Sign: "The Military Is Ours, the [SCAF] Is Theirs"[16]

SCAF Announcement Increases Tensions

An official SCAF announcement issued by Gen. Mohsen Al-Fangari on July 12, 2011, only increased tensions between the council and the protestors, due both to its content and to its threatening tone. In the announcement, the SCAF expressed its support for the Egyptian people and its legitimate demands, but cautioned against protests by those with ulterior motives who wish to sow anarchy in the country.

The announcement said: "From the outset of the revolution, the SCAF announced its complete support for the people, and promised to stand alongside [the people] with the aim of meeting its legitimate demands within the legal framework of the constitution and the law." At the same time, the SCAF stressed that "it will not neglect its duty to manage the country's affairs in this decisive period of Egypt's history."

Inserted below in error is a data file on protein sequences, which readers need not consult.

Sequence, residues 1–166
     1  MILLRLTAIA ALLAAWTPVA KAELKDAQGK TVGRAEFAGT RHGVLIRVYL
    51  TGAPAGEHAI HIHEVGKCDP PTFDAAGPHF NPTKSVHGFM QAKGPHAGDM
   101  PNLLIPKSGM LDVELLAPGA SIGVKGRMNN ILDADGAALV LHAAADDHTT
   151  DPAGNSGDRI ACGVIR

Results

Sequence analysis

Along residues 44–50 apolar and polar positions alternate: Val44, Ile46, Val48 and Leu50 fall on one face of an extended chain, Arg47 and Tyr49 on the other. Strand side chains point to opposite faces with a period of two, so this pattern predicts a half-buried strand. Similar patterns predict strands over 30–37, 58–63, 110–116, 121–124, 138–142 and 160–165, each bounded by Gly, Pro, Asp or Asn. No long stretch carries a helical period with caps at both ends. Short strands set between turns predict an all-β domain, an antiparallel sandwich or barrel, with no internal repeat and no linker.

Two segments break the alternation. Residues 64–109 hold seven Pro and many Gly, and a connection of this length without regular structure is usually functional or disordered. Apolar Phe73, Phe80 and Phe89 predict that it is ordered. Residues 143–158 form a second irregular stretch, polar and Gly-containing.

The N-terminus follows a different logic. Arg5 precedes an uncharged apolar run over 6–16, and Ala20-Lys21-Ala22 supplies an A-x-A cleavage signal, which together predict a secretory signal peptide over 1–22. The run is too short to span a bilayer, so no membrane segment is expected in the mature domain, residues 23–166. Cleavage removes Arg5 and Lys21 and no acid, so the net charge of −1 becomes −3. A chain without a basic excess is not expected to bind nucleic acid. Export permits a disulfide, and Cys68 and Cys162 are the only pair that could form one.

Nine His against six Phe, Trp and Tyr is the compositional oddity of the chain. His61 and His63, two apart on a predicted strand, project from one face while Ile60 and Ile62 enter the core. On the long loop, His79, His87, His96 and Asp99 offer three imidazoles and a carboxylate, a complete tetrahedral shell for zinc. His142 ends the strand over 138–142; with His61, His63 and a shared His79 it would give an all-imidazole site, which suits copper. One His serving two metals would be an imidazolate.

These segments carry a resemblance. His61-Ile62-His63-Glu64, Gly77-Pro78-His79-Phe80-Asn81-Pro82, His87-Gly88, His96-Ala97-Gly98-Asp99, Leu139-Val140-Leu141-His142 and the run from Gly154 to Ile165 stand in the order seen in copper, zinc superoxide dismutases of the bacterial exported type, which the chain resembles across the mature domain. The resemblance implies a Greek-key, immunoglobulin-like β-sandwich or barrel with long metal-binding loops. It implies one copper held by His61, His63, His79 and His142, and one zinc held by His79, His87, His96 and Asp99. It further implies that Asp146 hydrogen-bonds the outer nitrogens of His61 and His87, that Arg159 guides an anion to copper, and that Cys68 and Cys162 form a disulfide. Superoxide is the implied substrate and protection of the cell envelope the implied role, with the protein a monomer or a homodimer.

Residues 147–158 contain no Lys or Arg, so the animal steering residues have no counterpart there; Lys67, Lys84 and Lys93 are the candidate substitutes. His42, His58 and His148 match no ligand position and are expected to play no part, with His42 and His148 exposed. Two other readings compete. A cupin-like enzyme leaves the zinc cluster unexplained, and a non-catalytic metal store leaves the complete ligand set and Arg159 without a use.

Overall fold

The announcement claimed that some of the protestors were overstepping the boundaries of peaceful protest and harming the interests of the country and its citizens, and that they were motivated by personal interests, giving them precedence over the supreme interests of Egypt. The announcement also criticized those who are working to undermine stability in the country and spread false slogans and reports that lead to schism, civil disobedience, and the destruction of the homeland.

The SCAF called for citizens to oppose anything that impedes the return to everyday life, warning that "the armed forces will not allow anyone to circumvent the authorities and the law," and that the necessary legal steps will be taken against "the threats posed to the homeland that are affecting the citizens and national security."